Though often considered a retiree’s greatest asset, home equity may no longer be a reliable investment from which to draw upon during retirement, suggests a recent Morningstar article.
“For many retirees, home equity has traditionally been a steady fourth led of their retirement stool,” writes Morningstar contributor John Wasik. “In the past, growing home values could prop up one’s total wealth when the other legs (Social Security, pensions, and savings) appeared wobbly.”
But home equity, a.k.a that fourth leg of the “retirement stool,” may not be as sturdy for future retirees, suggests Wasik, especially when considering changing demographics, the housing crash of 2008 and the future of U.S. residential real estate.
It can be risky to count on home equity for spending needs in retirement, said Liz Revenko, a certified financial planner with Mosaic Financial Partners in San Francisco.
“I don’t necessarily view a home as a retirement investment,” Revenko said in the article. “It’s your personal residence—the place you live in, not a diversified, liquid investment.”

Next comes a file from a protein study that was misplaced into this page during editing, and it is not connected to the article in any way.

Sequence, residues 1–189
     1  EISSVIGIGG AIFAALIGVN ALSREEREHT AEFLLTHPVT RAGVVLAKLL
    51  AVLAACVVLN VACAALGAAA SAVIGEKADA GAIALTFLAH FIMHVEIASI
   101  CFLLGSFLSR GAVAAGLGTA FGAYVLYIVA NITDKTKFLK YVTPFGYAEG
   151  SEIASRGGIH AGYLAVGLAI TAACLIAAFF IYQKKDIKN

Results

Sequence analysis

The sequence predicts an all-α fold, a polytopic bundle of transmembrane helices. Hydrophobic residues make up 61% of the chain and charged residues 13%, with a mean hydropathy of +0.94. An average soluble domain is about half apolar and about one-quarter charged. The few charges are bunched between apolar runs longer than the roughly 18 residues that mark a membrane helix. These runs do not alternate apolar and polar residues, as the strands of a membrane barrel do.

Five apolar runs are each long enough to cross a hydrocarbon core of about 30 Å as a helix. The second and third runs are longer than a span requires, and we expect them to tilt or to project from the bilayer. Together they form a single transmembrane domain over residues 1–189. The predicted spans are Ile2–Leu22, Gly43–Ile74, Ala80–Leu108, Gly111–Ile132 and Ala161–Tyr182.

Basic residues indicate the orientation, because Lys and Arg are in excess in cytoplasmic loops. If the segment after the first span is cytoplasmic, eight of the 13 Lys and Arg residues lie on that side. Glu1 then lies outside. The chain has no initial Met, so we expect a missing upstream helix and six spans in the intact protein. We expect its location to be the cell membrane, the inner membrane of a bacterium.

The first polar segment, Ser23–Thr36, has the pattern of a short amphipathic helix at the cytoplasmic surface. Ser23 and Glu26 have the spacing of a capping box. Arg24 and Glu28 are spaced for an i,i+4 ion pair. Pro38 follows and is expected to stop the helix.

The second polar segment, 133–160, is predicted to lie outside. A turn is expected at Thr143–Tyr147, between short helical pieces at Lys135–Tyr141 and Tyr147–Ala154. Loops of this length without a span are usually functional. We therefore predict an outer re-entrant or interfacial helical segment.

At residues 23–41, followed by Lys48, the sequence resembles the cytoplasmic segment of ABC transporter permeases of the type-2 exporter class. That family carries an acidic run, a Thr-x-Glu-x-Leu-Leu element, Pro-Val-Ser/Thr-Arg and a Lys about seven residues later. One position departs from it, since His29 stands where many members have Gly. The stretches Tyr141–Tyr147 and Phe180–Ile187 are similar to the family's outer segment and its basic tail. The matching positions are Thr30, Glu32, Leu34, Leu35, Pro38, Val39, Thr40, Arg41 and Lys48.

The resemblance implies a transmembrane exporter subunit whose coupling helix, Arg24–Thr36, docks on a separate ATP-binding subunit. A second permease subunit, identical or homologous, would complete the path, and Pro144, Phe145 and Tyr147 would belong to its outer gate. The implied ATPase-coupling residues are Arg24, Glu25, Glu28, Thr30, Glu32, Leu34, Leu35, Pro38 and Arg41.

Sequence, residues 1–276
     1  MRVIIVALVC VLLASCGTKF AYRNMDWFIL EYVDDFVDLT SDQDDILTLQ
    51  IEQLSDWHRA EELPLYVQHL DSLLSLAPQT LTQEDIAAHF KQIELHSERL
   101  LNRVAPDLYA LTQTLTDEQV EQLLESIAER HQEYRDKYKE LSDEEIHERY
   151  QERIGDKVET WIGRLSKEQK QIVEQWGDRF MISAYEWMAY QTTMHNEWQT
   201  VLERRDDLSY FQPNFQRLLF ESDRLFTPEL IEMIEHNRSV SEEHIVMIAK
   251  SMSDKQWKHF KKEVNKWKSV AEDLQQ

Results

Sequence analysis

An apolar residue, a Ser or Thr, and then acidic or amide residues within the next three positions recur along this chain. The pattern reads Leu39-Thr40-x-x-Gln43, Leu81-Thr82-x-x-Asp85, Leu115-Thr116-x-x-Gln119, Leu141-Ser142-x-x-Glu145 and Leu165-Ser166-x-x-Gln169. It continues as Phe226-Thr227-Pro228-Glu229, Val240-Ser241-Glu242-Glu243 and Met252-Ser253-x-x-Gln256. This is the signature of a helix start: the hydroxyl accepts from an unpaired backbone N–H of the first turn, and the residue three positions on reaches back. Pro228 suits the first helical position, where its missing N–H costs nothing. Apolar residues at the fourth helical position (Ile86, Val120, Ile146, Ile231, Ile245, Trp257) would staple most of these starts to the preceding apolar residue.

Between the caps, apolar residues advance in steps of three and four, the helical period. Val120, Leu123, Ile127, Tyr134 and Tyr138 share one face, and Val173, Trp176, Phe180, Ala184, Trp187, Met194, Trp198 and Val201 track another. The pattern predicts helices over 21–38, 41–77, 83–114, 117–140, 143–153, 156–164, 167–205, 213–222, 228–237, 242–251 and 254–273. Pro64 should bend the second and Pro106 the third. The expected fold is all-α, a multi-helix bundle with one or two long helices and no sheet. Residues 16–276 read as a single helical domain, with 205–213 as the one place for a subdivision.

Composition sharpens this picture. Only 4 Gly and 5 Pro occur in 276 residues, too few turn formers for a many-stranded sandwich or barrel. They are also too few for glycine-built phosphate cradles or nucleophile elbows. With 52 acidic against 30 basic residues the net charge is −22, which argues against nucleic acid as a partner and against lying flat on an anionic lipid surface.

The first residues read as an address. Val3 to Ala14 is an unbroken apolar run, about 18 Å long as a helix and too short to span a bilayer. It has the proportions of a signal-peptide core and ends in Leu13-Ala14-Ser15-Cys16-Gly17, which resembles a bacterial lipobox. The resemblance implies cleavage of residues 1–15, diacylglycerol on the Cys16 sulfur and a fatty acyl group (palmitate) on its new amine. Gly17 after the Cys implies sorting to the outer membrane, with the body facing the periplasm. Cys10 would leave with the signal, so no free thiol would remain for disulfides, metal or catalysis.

But for retirees who have been relying on their home’s value as they approach retirement, there are several considerations, including the use of a reverse mortgage.The article, however, clings to the notion that reverse mortgages are a loan of last resort.
“If you need money to live on, refinancing and doing a cash-out or obtaining a reverse mortgage is possible,” writes Wasik. “But those options require that you go into debt and pay closing fees. As such, these are really last-resort alternatives to obtain cash. They are inferior substitutes to prudent portfolio planning.”
Written by Jason Oliva